How do the picture and audio of this Blu-ray compare to the prior DVD? Both offered improvements, though don’t expect miracles. The sound was a bit more dynamic and full, while the visuals appeared tighter and more concise. Neither area blew away the DVD, though I did notice more picture detail. For instance, during the scenes at the psychiatric convention, I was able to read the nametags. This wasn’t a dazzling presentation, but it looked fine given the restrictions of the source material.
While the DVD included virtually no extras, we get a smattering of elements on the Blu-ray. First comes a featurette called Hitchcock and Mel: Spoofing the Master of Suspense. In this 29-minute, 20-second show, we hear from writer/director Mel Brooks, Alfred Hitchcock’s granddaughter Mary Stone, Hitchcock’s Notebooks author Dan Auiler, writer/actors Ron Clark and Rudy De Luca, Brooks’ assistant Stuart Cornfeld, Sledge Hammer! producer/creator Alan Spencer, film historian/actor Tony Maietta, production designer Peter Wooley, and actors Dick Van Patten, Cloris Leachman, Jack Riley, Dom Deluise, and David Deluise. “Master” covers the project’s origins and influences, consulting with Hitchcock and references to his films, story and characters, cast and performances, music, stunts and effects, and a few other production topics.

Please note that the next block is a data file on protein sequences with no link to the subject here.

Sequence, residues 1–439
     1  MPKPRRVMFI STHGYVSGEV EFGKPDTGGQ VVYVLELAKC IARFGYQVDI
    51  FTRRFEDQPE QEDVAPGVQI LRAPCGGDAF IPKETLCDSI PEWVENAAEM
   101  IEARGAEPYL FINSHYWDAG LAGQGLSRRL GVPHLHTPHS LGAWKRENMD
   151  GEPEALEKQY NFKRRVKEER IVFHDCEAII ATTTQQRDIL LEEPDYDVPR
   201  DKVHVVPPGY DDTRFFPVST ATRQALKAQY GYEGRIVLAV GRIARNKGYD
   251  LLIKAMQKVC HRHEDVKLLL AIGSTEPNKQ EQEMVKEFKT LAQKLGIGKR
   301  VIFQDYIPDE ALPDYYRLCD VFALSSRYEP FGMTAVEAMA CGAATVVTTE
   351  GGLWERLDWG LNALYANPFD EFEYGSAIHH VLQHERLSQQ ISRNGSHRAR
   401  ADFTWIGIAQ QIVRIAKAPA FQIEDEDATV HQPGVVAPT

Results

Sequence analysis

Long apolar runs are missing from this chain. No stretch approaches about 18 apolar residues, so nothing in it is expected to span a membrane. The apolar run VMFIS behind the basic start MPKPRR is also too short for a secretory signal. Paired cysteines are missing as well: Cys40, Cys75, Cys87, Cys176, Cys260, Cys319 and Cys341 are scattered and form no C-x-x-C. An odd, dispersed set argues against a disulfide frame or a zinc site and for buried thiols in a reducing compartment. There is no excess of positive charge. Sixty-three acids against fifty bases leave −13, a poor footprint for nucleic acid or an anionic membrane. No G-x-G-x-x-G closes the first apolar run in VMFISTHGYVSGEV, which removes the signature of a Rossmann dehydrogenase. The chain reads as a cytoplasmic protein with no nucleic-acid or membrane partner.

It’s too bad Anxiety doesn’t get a commentary, but “Master” offers a decent little overview. It’s nice to hear from so many main contributors to the flick, and it gives us a good take on the Hitchcock influences. This turns into a likable, informative show.
The next three components run along with the film. The “Am I Very, Very Nervous?” Test uses the subtitle track to quiz you as you watch the flick. It offers wacky psychological questions and “scores” you on them. It’s all silly and fairly pointless, but it can be a passable diversion.